Cartimandua's exiled husband Venutius remained in his sanctuary watching and waiting. Then in 69 AD - some nineteen years after being driven out of the Brigante lands, Rome was weakened by its own internal political strife. It was the year of four Emperors. Venutius launched an invasion of the Brigante lands and Cartimandua could only get limited help from the Roman administration. She was driven out of Brigante and into the sanctuary of Roman held territory. She never returned and history lost account of what became of her.

It is not known exactly when or if Venutius was brought to account for his anti-Roman campaign, but the Brigantes would remain un-pacified for several decades to come until the early part of the second century.

Cartimandua faded from history and no one is certain what happened to her. She never reclaimed her kingdom and many Celts believed her to be treacherous. Maybe the Romans thought so too. Perhaps she was no longer of use to them once she fled the Brigante lands. With no confidence in her abilities, she might have been persuaded to retire into another region of the Empire and live in anonymity. Perhaps Emperor Vespasian needed her in exile while he used the excuse to attack the Brigante and bring the British fiefdom under direct Roman rule. It would be a campaign that would outlast him and his two sons that would follow him as Emperors of Rome.


Rebellion of Queen Boadicea (Boudicca) 60 -61 AD

Queen Boadicea is sometimes known as Boudicca. She has a lot of different pronunciations and her name is spelt in many ways. For this blog, she is Boadicea because I like that spelling best.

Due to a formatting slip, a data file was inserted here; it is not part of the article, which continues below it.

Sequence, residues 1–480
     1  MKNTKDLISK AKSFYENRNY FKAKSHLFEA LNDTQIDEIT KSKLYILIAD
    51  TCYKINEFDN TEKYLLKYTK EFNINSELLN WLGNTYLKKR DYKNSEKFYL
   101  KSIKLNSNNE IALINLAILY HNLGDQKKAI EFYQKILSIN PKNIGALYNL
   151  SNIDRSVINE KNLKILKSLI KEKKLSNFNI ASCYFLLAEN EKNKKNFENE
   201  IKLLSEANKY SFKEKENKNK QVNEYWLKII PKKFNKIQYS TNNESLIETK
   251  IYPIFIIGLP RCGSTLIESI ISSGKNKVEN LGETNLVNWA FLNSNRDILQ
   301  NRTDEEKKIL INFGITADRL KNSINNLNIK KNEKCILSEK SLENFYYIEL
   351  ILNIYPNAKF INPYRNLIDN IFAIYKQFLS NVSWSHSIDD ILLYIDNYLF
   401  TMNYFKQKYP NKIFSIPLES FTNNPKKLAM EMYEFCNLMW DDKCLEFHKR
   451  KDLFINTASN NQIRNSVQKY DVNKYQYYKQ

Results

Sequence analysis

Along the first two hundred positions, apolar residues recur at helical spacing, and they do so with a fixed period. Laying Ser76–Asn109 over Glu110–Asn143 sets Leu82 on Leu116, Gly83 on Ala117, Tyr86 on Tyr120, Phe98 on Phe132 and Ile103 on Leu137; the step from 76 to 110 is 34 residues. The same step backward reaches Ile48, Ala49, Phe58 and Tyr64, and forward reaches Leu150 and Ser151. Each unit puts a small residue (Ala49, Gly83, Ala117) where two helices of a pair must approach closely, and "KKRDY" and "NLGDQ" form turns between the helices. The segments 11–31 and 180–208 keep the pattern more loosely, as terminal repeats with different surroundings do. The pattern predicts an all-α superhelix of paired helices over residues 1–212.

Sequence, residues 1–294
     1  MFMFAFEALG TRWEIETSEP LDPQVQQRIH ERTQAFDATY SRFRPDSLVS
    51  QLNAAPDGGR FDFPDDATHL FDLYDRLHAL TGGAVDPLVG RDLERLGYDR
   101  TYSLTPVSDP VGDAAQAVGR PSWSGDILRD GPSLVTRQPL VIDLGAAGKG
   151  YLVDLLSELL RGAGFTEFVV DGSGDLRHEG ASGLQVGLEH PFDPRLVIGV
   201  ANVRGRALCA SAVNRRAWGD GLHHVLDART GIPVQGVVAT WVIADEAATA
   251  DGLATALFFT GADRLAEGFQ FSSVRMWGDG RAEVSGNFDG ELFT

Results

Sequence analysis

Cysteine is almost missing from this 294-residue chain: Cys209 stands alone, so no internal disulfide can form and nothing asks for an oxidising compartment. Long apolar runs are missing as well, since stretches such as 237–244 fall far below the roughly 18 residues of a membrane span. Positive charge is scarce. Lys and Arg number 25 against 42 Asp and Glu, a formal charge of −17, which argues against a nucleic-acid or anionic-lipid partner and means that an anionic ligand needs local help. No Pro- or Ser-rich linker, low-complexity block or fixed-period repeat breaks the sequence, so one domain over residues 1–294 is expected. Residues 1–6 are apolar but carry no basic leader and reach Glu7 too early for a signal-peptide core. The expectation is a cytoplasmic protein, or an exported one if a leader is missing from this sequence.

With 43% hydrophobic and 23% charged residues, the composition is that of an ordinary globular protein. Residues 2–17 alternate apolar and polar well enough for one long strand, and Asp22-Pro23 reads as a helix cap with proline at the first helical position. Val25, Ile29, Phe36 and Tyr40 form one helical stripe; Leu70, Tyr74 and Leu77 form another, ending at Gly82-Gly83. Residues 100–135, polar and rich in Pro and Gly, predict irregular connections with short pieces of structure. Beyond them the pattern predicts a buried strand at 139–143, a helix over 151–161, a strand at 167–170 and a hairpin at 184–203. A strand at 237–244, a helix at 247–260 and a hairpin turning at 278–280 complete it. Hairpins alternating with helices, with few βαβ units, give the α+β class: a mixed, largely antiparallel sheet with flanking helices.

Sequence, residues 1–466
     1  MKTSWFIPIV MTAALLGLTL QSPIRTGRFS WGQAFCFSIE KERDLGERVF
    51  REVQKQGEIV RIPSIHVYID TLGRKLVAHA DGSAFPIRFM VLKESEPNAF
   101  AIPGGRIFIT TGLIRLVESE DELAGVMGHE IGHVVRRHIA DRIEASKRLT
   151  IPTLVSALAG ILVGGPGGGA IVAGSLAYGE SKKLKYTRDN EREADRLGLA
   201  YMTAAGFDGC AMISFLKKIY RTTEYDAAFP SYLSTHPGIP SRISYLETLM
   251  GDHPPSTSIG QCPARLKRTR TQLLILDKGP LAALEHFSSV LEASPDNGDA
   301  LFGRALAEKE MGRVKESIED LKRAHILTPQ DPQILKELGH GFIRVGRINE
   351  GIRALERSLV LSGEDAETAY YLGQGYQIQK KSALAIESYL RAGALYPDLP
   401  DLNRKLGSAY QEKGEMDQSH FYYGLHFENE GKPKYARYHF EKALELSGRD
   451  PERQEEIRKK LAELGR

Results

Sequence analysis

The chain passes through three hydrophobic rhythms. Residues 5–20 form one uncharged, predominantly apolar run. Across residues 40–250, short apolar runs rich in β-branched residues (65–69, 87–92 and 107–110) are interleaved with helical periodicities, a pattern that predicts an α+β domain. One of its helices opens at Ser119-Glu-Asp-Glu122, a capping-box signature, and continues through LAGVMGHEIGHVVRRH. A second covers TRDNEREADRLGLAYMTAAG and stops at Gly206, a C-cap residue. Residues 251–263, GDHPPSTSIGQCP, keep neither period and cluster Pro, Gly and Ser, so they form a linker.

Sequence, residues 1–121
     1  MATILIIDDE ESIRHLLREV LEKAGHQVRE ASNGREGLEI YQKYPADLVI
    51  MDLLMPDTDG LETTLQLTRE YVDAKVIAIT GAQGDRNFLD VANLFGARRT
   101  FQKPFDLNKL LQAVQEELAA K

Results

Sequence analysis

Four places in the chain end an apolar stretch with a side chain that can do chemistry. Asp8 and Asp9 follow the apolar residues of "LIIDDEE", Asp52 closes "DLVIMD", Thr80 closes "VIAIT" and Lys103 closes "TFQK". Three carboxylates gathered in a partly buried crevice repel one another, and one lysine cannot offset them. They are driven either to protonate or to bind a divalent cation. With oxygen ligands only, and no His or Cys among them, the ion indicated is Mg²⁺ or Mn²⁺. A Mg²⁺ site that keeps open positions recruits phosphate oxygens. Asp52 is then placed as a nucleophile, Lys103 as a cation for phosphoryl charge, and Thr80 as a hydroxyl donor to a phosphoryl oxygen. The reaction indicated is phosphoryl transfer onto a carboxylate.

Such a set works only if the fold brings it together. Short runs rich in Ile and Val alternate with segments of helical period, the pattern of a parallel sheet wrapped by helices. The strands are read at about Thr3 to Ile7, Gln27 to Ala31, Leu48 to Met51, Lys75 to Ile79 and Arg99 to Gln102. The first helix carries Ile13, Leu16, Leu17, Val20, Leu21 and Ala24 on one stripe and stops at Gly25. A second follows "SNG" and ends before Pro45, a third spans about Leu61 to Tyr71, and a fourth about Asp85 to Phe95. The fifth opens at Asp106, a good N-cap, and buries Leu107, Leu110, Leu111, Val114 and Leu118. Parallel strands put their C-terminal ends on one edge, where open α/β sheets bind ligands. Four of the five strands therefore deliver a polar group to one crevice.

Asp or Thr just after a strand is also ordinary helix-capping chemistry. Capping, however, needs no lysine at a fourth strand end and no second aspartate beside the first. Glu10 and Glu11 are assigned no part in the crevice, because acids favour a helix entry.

Queen Boadicea conjures up sorts of imaginations to British people. We are very proud of the myth that is Boadicea and are fascinated that she led a revolt against the might of the Roman Empire. She almost drove the Romans off of the island too, but for one final rallying stand of a Roman general in the Midlands of the country. The harsh reality of her rebellion was that many people would brutally die before her forces were put down and the retribution would also be colossal.

It is thought that Boadicea was born in the A.D. 20s decade -what exact year is not known, though some Roman historians think it was A.D. 25– this is most likely wrong but close. It would mean Queen Boadicea around late 30s or touching 40 at the time of A.D. 61 when she led the Icenian and other British tribes against Roman occupation of Britain.

This was at the time of the Emperor Nero and south Britain had been under Roman occupation for around 20 years. There had been a pact between the Iceni lands (today's Norfolk and Suffolk in South East England) and the Roman occupying forces. The Icenian King Prasutagus had agreed on some sort of pact that he could rule over his Iceni people without Roman interference.

It is believed that Prasutagus would have payed some sort of levy to the Roman governors and would have been forced to allow direct Roman rule upon his death. This was usual Roman law when occupying new territory. Some historians even go as far as to suggest he would have used Iceni slaves as form of payment to maintain control within his kingdom. Also it is believed that he enjoyed borrowing money from the neighbouring Romans in the occupied Trinovantian kingdom (today's county of Essex in South East England.)